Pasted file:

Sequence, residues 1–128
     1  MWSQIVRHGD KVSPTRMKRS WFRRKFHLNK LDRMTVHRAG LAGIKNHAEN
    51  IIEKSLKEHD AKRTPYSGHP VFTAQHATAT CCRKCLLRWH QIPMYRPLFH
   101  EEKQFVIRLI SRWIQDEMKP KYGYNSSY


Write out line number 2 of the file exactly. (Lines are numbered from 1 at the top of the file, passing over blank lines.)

     1  MWSQIVRHGD KVSPTRMKRS WFRRKFHLNK LDRMTVHRAG LAGIKNHAEN